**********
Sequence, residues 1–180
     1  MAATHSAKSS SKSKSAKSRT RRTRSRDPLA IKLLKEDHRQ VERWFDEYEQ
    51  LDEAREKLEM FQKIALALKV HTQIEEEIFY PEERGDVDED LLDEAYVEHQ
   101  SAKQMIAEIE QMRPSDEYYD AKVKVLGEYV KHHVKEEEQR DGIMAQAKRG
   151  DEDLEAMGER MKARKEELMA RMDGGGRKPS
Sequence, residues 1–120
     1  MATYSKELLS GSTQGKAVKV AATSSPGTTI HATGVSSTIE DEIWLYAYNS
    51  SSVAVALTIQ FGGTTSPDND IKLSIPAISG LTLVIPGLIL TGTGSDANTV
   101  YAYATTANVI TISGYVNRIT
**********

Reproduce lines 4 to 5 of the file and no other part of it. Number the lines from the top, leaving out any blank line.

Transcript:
   101  SAKQMIAEIE QMRPSDEYYD AKVKVLGEYV KHHVKEEEQR DGIMAQAKRG
   151  DEDLEAMGER MKARKEELMA RMDGGGRKPS